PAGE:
F1 technical focus: Halo or Aeroscreen?

©XPB Images & Wri2

©XPB Images & Wri2


The version of the Halo concept that Ferrari sampled in pre-season testing is mounted at a higher level than the Aeroscreen, which probably offers a better protection from bigger objects, like a wheel or piece of bodywork, falling onto the cockpit. The Red Bull solution sits lower and merges with the cockpit’s side protection located around the helmet. In one of the videos released by Red Bull after debuting the device in Sochi, one can actually see a wheel grazing the top of the driver’s helmet after it was fired at the windscreen at high speed. This said, we don’t know the exact conditions of these static tests and F1 race director Charlie Whiting recently said the FIA was not concerned about what he described as “a minor incident”.

Although it does not fit in as smoothly as the Aeroscreen on the car, the Halo is more faithful to F1’s DNA for it keeps the cockpit open, one of the trademark features in the sport. What’s more, the device does not hide the driver’s helmet, unlike the Red Bull windscreen, which will make it harder to spot the pilot due to the reflection.

However, the central pillar of the Halo layout is likely to be more of a hindrance for the driver on a main straight, though both Sebastian Vettel and Kimi Raikkonen said visibility was fine when trialling the system. By comparison, the Aeroscreen’s lateral props blend into the supports of rearview mirrors.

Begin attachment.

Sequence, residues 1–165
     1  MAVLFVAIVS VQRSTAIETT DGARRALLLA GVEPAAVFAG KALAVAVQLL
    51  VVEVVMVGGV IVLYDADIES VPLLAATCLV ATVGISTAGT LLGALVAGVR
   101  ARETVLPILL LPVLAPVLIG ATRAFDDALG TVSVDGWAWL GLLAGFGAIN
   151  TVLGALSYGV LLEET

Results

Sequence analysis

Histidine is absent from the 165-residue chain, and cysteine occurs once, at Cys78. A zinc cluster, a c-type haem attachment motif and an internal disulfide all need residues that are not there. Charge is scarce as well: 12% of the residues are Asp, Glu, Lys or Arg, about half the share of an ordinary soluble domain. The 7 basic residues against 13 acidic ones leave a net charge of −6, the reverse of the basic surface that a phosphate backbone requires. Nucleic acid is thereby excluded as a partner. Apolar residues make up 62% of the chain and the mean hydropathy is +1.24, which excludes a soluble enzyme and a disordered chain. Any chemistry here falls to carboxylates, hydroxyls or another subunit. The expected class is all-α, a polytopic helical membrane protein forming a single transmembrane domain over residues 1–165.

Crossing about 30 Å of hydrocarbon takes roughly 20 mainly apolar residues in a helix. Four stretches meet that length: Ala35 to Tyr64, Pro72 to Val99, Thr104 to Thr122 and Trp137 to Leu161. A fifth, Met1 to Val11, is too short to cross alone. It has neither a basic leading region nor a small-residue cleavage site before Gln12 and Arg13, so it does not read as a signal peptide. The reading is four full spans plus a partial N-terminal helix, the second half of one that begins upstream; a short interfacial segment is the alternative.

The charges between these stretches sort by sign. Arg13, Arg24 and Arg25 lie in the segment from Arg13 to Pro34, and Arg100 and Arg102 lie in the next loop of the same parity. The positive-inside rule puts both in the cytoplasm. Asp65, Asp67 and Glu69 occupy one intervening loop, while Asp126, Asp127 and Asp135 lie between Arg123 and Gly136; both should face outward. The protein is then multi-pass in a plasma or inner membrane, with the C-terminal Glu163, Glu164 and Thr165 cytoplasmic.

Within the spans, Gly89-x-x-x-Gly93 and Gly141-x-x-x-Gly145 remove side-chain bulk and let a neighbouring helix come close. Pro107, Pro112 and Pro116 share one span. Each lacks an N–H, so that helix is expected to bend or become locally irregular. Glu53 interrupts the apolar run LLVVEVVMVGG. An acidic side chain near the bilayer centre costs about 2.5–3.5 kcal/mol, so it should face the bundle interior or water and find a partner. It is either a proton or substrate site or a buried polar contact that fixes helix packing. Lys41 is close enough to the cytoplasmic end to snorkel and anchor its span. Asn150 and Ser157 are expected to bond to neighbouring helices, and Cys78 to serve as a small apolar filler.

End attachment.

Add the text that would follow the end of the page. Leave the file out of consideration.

At any rate, one must bear in mind that declarations from Ferrari and Red Bull drivers must be taken with a pinch of salt, given the fact that both teams are vying to promote their solution. Incidentally, it was Mercedes that initially devised the Halo concept – maybe the reigning Constructors’ champions will come up with a design of their own later on – before Ferrari debuted it.

As different as the Halo and Aeroscreen are, both make it harder for the driver to exit the car. What would happen if it is flipped upside down like Fernando Alonso’s MP4-31 after his crash in Australia, or ploughed in a tyre wall or TechPro barriers? In order to avoid the driver getting stuck, a sturdy opening mechanism would be desirable.

LMP1 chassis and their fully closed cockpits are logically fitted with doors. Endurance drivers must be able to leave their vehicle in seven seconds from the driver’s seat, in nine seconds from the passenger’s seat. Grand Prix drivers must be able to perform the same task in five seconds. Whiting has already said the FIA would be willing to increase the minimum time required to leave the car as a compromise for better head protection.

The governing body has until July 1 to select the cockpit protection system that will be introduced on 2017 cars. With next year’s machines set to lap up to five seconds faster than at present, the chosen safety device will definitely not be superfluous. With all due respect to F1 traditionalists.

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